NEW YORK (Reuters) - Valeant Pharmaceuticals International Inc (VRX.TO)(VRX.N) on Monday said a group of company executives will immediately take over for its chief executive officer until he returns from medical leave, news that sent its shares tumbling 10 percent.
The Canadian company said CEO Michael Pearson, 56, was being treated for severe pneumonia.
The decision to put leadership in the hands of three executives was unusual, experts said, and suggested a lack of confidence in any one company executive to temporarily fill Pearson’s shoes.
A spokeswoman for Valeant, based in Laval, Quebec, declined to comment on the decision to appoint a trio to take over for Pearson.
Valeant and Pearson have come under pressure for steep price increases on some drugs and for close ties to a specialty pharmacy that used aggressive methods to overcome insurer barriers to reimbursing its medicines.
Pearson was hospitalized with the lung condition on Friday. The company spokeswoman on Monday declined to say whether he had experienced any complications or when he might return, adding it was honoring a family request for privacy. The spokeswoman also declined to comment on Pearson’s medical history.
“It is an inopportune time for their leader to take sick leave after the company has faced credibility issues in recent months,” said Morningstar analyst Damien Conover. “If the company was on solid footing, it wouldn’t be as much of an issue.”
Valeant said its board has created an “office of the Chief Executive Officer,” which will include General Counsel Robert Chai-Onn, Group Chairman Ari Kellen and Chief Financial Officer Robert Rosiello.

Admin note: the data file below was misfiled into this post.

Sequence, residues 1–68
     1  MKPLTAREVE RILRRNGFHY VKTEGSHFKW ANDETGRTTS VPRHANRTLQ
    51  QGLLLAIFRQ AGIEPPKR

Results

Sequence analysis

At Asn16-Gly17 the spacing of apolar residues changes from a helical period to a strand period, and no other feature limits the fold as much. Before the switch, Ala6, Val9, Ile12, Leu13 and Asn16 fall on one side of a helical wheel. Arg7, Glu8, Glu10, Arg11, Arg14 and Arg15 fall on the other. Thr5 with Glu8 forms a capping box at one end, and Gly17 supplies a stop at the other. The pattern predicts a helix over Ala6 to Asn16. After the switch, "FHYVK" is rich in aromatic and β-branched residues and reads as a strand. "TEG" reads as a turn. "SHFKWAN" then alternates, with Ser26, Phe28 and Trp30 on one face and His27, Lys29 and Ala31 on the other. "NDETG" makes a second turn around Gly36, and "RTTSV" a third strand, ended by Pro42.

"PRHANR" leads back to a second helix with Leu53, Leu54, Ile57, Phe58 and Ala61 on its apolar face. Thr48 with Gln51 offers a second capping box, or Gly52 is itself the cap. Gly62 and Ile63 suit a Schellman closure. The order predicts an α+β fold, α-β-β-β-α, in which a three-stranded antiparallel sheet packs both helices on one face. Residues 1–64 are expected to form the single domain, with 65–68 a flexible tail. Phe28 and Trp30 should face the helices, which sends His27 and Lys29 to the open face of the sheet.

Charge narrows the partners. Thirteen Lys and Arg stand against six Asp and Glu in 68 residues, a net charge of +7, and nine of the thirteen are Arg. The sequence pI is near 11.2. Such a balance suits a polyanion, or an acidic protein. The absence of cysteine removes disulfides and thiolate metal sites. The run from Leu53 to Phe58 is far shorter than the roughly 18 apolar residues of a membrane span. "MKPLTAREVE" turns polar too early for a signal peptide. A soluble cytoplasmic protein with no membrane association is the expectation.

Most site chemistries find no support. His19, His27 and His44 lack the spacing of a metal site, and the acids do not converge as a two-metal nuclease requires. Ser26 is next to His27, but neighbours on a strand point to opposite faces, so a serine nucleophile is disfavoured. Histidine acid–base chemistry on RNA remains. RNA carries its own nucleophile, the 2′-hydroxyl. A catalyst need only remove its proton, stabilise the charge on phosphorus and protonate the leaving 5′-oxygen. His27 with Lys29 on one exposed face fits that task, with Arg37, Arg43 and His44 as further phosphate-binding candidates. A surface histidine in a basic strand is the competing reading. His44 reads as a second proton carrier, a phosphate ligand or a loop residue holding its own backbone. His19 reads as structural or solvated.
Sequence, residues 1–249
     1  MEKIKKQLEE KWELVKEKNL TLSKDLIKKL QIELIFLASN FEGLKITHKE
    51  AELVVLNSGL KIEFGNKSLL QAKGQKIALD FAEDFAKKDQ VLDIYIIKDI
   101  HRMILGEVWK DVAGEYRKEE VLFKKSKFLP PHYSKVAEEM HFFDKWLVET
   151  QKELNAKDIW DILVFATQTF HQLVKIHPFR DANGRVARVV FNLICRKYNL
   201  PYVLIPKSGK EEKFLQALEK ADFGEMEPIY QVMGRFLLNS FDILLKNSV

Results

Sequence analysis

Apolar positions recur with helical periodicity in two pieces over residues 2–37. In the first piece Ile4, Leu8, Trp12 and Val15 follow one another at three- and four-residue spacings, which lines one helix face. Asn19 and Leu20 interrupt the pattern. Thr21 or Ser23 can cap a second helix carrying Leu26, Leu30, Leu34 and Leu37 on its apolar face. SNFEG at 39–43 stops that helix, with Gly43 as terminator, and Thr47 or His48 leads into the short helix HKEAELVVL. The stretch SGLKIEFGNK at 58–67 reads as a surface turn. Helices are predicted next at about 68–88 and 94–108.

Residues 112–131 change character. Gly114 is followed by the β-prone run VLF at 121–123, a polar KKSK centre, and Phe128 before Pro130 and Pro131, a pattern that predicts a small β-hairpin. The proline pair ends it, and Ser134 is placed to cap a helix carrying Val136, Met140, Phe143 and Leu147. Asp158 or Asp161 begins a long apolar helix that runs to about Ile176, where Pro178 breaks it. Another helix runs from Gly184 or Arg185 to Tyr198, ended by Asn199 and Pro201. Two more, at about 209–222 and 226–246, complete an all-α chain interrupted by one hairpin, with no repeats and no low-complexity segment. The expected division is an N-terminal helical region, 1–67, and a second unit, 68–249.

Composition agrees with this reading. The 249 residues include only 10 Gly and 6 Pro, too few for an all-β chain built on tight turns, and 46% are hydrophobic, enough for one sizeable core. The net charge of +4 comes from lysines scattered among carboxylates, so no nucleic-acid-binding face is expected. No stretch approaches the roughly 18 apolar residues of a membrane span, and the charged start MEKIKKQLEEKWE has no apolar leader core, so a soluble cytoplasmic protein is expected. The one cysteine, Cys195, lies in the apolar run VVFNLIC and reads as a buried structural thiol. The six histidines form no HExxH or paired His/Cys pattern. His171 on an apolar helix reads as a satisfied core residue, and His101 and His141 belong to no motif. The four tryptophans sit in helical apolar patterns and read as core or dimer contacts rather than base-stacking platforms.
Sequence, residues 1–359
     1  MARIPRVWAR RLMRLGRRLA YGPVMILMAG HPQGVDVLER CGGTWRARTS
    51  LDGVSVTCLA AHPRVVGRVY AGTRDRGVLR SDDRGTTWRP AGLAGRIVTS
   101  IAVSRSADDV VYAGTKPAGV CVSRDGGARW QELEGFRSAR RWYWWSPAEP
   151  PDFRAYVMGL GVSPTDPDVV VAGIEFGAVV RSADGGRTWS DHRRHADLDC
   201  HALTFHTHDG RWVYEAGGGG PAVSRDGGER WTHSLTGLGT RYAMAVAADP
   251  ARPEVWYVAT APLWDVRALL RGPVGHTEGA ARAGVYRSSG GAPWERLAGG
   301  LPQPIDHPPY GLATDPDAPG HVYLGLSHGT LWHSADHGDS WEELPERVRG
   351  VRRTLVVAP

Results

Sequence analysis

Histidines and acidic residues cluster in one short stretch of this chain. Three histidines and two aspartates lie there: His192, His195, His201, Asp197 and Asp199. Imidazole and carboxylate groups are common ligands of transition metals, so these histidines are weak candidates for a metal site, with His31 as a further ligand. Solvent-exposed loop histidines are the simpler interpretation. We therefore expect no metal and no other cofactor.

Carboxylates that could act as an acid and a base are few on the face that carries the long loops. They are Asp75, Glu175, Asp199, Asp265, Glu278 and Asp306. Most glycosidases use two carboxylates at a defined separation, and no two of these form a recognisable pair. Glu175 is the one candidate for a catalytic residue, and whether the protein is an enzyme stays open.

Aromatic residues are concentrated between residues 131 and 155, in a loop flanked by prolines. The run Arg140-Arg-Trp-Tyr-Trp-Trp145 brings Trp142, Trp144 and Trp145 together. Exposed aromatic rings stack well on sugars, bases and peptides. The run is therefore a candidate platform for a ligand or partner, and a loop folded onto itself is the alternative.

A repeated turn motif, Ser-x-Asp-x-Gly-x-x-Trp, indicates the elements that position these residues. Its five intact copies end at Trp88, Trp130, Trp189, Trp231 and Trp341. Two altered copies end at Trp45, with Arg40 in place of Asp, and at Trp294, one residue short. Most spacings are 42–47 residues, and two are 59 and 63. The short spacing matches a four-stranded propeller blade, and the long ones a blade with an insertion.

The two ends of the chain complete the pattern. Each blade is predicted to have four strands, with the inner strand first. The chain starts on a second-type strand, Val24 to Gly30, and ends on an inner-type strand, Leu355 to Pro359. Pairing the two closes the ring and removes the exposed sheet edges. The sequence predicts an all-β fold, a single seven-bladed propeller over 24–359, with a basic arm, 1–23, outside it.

The board also created a committee to oversee and support the office of the CEO, including lead independent director Robert Ingram, president of ValueAct Capital Mason Morfit and former Valeant CFO Howard Schiller.
Jerome Reisman, a partner in the law firm Reisman Peirez Reisman and Capobianco of Garden City, New York, said Valeant’s three-member CEO committee will likely prove too cumbersome.
“With all these kings they’re appointing to the troika, nobody will be able to make decisions,” said Reisman, a financial legal consultant to numerous drugmakers. “A committee on a committee just won’t work. You need a strong CEO.”
Dr. Bruce Hirsch, an infectious disease specialist at North Shore University Hospital in Manhasset, New York, said the vast majority of patients with pneumonia fully recover thanks to effective antibiotics. But others are slow to recover and can be tired for months afterward, he said, particularly if they have pre-existing structural lung disease, including damage from emphysema, bronchitis, asthma and smoking.
He noted pneumonia can be caused by a range of bacteria, viruses, fungi, as well as inflammation, and in very severe cases can cause heart attacks or heart failure.
Pearson, who joined Valeant as CEO in 2010 after a 23-year career at consultancy McKinsey & Co, has made rapid-fire acquisitions that greatly increased Valeant’s size and share price. But Valeant’s stock has plunged more than 60 percent since August, due largely to questions about the company’s marketing practices and the sustainability of its business model.
Investors have been turning up pressure on the Laval, Quebec-based company to provide a more detailed plan on how it will boost profits in 2016.
Under a deal announced this month, Walgreens Boots Alliance Inc (WBA.O) will take over many functions previously handled by specialty pharmacy Philidor Rx Services. Valeant cut ties with the Philidor in response to allegations of aggressive billing practices.
Valeant shares fell 10.5 percent to $102.14 on the New York Stock Exchange.
Additional reporting by Natalie Grover in Bengaluru; Editing by Shounak Dasgupta, Jeffrey Benkoe, David Gregorio and Leslie Adler